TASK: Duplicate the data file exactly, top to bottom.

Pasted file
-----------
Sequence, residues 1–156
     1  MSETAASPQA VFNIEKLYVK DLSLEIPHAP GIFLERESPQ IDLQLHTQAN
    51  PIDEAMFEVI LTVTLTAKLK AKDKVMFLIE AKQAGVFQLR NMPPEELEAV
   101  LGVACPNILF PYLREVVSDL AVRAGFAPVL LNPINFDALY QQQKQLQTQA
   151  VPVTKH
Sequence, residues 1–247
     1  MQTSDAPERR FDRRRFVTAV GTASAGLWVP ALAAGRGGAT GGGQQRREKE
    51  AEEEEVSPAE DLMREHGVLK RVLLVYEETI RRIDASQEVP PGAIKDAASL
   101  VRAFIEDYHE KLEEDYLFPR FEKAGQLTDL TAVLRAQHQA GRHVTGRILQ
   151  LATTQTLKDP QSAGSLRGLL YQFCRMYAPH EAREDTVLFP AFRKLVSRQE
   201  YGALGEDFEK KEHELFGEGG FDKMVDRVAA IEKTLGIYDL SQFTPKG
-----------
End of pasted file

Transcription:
Sequence, residues 1–156
     1  MSETAASPQA VFNIEKLYVK DLSLEIPHAP GIFLERESPQ IDLQLHTQAN
    51  PIDEAMFEVI LTVTLTAKLK AKDKVMFLIE AKQAGVFQLR NMPPEELEAV
   101  LGVACPNILF PYLREVVSDL AVRAGFAPVL LNPINFDALY QQQKQLQTQA
   151  VPVTKH
Sequence, residues 1–247
     1  MQTSDAPERR FDRRRFVTAV GTASAGLWVP ALAAGRGGAT GGGQQRREKE
    51  AEEEEVSPAE DLMREHGVLK RVLLVYEETI RRIDASQEVP PGAIKDAASL
   101  VRAFIEDYHE KLEEDYLFPR FEKAGQLTDL TAVLRAQHQA GRHVTGRILQ
   151  LATTQTLKDP QSAGSLRGLL YQFCRMYAPH EAREDTVLFP AFRKLVSRQE
   201  YGALGEDFEK KEHELFGEGG FDKMVDRVAA IEKTLGIYDL SQFTPKG